Portfolio management: Do’s and dont’s

Portfolio management, a method of aligning IT with business goals by prioritizing IT projects as you would a financial portfolio, can provide answers to that question. However, like most ideas in IT, portfolio management sounds great in concept but is tough in execution. “Portfolio management is like Olympic mud wrestling,” says Dave Clarke, VP of enterprise technology services at the American Red Cross, who has 10 years’ experience managing portfolios at W.L. Gore & Associates and General Motors Corp. “It’s nasty, difficult and high-spirited even in the nicest of organizations. But it’s well worth it in the end, for the discipline and clarity it can produce.”

Going on the theory that it is better to learn from someone else’s mistakes than to make your own, we asked CIO Best Practice Exchange members to share lessons learned from the front lines of portfolio management.

1. Start simple. The more features the better, right? Not necessarily, says Jeff Chasney, executive VP and CIO of CKE Restaurants. “Don’t look for a fancy portfolio management system with lots of bells and whistles. Spreadsheets work great.”

2. Be willing to cancel projects. “Constantly review the merit and utility of your projects based on current information,” says Chasney. “Just because a project is placed on a docket doesn’t mean that its efficacy remains constant across time.”

3. Make sure your portfolio indicates which investments did not make the cut. “The chief value of a portfolio is that it represents critical decisions about investments,” says American Red Cross’s Clarke. “The portfolio should clearly show what is currently approved for spending and what is not, but might be at a later date.”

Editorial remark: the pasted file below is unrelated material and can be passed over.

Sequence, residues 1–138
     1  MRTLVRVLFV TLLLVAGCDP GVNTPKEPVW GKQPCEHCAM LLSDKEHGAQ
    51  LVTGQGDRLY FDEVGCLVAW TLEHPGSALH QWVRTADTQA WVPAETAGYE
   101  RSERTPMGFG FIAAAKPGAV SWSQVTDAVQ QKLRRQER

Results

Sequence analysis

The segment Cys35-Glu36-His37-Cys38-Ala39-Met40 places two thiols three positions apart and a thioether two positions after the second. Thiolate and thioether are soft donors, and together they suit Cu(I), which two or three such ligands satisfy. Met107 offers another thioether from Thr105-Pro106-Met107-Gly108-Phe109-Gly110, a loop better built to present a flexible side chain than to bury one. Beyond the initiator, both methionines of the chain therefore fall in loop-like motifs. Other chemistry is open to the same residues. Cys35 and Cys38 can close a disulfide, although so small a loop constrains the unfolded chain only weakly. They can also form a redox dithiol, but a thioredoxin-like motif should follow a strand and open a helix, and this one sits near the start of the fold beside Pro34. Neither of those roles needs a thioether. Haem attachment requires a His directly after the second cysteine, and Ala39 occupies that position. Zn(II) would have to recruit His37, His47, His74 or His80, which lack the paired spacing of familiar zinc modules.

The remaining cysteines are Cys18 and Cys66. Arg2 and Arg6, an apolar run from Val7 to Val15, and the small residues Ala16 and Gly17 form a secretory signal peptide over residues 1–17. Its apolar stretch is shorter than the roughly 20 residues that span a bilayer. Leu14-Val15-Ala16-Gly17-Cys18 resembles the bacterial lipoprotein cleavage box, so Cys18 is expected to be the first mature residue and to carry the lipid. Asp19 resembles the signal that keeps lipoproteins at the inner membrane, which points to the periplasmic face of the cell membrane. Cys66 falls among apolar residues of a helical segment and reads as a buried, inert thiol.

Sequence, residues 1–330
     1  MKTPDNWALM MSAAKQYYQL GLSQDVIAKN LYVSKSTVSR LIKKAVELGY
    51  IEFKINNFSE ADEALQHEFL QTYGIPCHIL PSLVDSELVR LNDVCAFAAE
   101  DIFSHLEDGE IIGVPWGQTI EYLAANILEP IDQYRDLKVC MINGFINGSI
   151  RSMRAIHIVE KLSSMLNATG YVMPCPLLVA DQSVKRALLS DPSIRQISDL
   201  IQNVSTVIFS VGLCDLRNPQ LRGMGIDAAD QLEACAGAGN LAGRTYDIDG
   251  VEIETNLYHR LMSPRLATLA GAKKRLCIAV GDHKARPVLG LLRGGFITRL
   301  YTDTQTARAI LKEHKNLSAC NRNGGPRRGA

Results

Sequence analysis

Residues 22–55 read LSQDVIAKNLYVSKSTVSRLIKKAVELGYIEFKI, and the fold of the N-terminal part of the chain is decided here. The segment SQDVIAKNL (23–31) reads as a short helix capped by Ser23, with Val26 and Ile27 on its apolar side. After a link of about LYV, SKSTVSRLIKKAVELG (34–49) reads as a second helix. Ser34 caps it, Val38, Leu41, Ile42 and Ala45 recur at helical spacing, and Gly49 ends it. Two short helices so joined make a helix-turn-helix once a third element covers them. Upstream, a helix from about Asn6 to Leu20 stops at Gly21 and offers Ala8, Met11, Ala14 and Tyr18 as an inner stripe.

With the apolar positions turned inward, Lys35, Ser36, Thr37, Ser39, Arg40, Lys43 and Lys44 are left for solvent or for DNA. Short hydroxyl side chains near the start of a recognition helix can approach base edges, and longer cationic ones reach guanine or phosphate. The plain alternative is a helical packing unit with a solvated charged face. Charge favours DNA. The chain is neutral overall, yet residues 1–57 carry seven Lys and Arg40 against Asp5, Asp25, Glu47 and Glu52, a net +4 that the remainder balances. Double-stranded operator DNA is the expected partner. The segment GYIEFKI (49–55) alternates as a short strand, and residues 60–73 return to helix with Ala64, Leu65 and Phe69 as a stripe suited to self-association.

4. Have a rational and transparent prioritization scheme. At GM, Clarke used one that looked something like this:

A. Mandatory or legal

B. Fix major operational risk areas

C. Major strategic projects (note that this is third on the list!)

D. Projects with significant business returns

E. Nice to have

In addition, a time line is a smart way to prioritize your projects. “If you compare all projects on a common time line horizon,” says CKE’s Chasney, “you can determine how much is gained by each project and when you will begin to realize the gains. You then compare the gain amount and time line against your company’s financial objectives to develop a reasonable course.”

5. Set a corporate strategy–and incentivize others to stay the course. Dade Behring, a medical device company, focuses on “just a handful of initiatives,” says CIO David Edelstein. “The company’s IT governance council succeeds,” he says, because “each member of the executive leadership team works hard to ensure our respective organizations are supporting these initiatives. Everyone’s individual performance objectives, from the CEO to the guy on the shop floor, are explicitly linked to one or more of the company initiatives. It becomes relatively easy to link IT investments to the company initiatives because everyone is moving in the same direction.”

6. Ensure the IT staff does more than just speak for IT. Portfolio management relies on a strong partnership between the business and IT–at all levels. “IT workers should be active members of several functional leadership teams in the company, and they should have leadership roles on the business-related tasks of importance to those teams,” says Edelstein.

Can’t Get Started?

If you’re having a tough time getting portfolio management off the ground, these next two tips are for you.

Find the pain, and focus on it. When building the business case for your portfolio management implementation, begin where the organization is hurting the most, suggests Ron Kifer, VP of program and solutions management at DHL Worldwide Express. “Use industry case studies to identify business benefits and then quantify those benefits against your organization’s current situation,” he advises.

Don’t go it alone. Use gurus, enterprise leaders and senior-level colleagues to support your business case, notes Kifer. “Do not rely solely on your own influence and credibility within the organization to sell portfolio management,” he says. “Cite examples of success in other organizations and, if possible, bring in an acknowledged leader in the field to support your position in a formal presentation to your senior leadership.”